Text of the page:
As I begin moving uphill, the ground gets slicker and slicker.  Where there isn’t snow or ice there is smooth, grey granite.  Before too long, all is white, sweeping wind bringing a cover for the bare patches.  Hours pass, leaving me numb to the storm.  My eyes are almost too glazed to see the wonder before me.
     A four-legged creature stands at the top of the mountain.  Its massive form is covered with glistening bronze scales.  It opens its mouth to breathe out and steam pours past sharp teeth.  A long tail snakes out to its side.
     “You’re dragon,” I say, far louder than I meant to.  My heart skips a beat.
     The dragon looks down at me.  Its emerald eyes stare straight into mine.  “You are a man.  A rare sighting, I suppose, for both of us.”
     “Y-you,” I stammer.  “You can speak!”
     “I can do many things,” says the dragon.
     I rub my eyes to make sure what I am seeing is true.  The dragon’s image does not fade.  “I have longed many years to find one of your kind.”
     The dragon smiles.  He looks odd doing so.  “I long for no one, least of all a man.”
     My throat goes dry.  “Why do you long for men least of all?”
     “They’re always trying to steal my treasure.”
     I let out a huff, disappointed.  My feet are poised to turn as an idea strikes me.  “What if a man simply asked for some treasure?”
     The dragon glances hard at me for a moment, then lets out a laugh.  “You are a clever man, I see.  Take a little silver.  I have little use for it.”  It adds, as an afterthought, “Just don’t drag your friends here.  I’m not so friendly when my stomach isn’t full.”

Thursday, June 6, 2013

Mystery's Torchbearers: Sherlock Holmes and John Watson

You can learn a lot from Sir Arthur Conan Doyle.  He kicked off a whole genre with his (at the time) unique style and masterful protagonist.  Sherlock Holmes and his assistant Watson were the true torchbearers of mystery.

Sherlock is witty, rugged, and calculating.  His skill at crime-solving and deduction is nearly unparalleled.  Drop Holmes in any situation and he will find something amiss, then solve the problem before you can refill your pipe.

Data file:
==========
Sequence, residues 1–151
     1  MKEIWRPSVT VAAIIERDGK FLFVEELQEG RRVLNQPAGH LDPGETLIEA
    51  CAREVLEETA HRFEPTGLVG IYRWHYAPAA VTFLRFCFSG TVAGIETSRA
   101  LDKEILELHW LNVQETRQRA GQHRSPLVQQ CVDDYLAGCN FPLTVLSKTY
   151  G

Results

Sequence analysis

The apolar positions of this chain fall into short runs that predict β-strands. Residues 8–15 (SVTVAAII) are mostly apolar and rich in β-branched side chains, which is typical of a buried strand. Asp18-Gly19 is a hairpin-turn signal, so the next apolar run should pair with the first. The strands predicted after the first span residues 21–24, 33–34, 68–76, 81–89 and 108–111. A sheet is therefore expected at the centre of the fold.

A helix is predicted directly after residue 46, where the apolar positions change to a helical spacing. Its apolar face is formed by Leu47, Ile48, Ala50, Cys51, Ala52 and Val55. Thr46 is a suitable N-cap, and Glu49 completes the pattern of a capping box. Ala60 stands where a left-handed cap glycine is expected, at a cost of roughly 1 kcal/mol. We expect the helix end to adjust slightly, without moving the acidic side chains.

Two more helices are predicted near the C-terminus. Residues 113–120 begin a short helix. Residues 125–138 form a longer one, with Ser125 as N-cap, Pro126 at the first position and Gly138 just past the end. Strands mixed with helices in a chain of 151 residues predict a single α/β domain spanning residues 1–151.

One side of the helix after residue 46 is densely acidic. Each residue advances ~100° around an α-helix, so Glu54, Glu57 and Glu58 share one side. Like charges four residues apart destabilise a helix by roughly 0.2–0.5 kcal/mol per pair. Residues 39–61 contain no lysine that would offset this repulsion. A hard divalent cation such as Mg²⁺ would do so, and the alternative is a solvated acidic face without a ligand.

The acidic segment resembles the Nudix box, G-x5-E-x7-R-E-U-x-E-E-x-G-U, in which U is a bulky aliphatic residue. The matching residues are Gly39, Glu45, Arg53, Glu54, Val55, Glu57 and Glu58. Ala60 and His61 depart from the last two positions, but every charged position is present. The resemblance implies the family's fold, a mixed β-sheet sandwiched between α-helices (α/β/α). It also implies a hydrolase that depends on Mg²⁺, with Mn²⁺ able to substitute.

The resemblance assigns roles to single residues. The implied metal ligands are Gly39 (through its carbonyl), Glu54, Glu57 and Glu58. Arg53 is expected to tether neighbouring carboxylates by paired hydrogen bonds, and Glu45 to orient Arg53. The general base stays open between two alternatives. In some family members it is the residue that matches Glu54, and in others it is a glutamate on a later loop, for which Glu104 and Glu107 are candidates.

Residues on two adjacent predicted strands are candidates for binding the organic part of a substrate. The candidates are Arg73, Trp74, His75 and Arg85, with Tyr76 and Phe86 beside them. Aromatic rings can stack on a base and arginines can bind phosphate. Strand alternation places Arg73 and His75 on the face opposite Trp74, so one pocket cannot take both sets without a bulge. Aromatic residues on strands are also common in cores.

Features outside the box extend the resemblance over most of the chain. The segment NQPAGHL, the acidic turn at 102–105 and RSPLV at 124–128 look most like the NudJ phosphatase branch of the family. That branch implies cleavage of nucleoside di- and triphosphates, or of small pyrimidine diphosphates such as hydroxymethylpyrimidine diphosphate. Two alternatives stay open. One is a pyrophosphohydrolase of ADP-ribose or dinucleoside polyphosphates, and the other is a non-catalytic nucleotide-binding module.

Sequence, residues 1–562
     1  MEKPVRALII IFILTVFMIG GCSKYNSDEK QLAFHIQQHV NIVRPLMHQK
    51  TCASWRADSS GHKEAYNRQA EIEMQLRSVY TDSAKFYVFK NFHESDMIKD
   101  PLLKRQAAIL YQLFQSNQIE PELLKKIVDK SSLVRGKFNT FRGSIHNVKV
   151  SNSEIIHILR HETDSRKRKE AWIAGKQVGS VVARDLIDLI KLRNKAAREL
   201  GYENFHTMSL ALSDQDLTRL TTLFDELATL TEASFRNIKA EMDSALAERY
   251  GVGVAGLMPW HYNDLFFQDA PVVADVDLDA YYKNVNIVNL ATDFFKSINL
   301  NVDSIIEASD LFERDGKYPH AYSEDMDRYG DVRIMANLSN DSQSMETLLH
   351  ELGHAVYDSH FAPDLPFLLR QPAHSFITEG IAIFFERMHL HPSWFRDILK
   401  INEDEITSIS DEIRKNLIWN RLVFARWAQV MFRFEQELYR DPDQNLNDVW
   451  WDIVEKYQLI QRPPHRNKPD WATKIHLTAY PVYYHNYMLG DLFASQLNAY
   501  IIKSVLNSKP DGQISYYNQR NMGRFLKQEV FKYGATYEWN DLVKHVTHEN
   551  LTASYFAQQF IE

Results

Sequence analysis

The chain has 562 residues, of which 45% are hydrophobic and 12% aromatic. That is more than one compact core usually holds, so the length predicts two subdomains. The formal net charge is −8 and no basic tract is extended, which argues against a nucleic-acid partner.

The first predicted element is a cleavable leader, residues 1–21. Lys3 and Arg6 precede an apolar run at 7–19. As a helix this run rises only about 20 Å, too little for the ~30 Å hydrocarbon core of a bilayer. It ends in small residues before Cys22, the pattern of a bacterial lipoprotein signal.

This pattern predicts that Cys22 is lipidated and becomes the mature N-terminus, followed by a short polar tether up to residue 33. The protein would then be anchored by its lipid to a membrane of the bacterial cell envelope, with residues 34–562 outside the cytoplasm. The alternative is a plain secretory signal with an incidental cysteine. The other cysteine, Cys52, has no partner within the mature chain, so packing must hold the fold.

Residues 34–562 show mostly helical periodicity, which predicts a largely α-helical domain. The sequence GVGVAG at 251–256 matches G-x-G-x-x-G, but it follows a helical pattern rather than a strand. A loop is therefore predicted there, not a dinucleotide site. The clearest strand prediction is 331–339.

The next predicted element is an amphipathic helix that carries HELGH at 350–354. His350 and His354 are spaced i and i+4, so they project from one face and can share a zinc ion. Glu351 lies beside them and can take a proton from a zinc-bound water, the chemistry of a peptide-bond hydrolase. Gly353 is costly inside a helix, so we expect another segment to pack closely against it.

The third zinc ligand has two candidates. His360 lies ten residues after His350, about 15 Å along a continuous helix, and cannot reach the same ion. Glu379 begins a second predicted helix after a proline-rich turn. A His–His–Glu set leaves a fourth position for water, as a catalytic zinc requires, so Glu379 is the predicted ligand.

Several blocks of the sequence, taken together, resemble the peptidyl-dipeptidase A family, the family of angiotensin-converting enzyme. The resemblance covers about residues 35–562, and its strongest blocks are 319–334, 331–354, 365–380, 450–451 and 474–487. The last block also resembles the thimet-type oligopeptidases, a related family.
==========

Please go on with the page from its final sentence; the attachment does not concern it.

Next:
With such a brilliant character, why did Watson even need to be written?  There are a few reasons.  An entire archetype is named after Dr. Watson because of his use as an unknowing conversationalist.  When Watson gets answers to his questions, readers learn important information that probably couldn't have been conveyed any better.  Watson acts as a foil, or character pair, with Sherlock.  He is the apprentice character in an apprentice/mentor pairing.  Watson also serves as an everyman.  Most people can't relate a whole lot to Sherlock Holmes, but they can relate to Watson.  On a simpler note, Watson is the one telling the story, so without him the voice of the prose would be very different.

Foreshadowing is a huge part of the mystery genre.  Often times little hints are dropped throughout the story that most people won't notice until the end, when everything becomes clear.   Holmes has a sneaky method of glancing at someone's shirt in passing (seemingly) without revealing that a smudge of red dirt on the hem proves the prime suspect is innocent.  The trick to mystery is to give the reader all the pieces, yet bend the corners so they can't put the puzzle together unless they get out a mallet and start meticulously flattening everything out.  Smoke and mirrors make sure Watson doesn't give you enough to solve the crime yourself in most cases.  The foreshadowing does still need to be there, however, at least partially.  You don't want a pseudo-deus ex machina situation where Holmes simply realizes who the killer is at the end inexplicably.

While Sherlock Holmes and John Watson are the torchbearers of mystery, Sir Arthur Conan Doyle is the one who truly lit the torch.  How would we fare without him?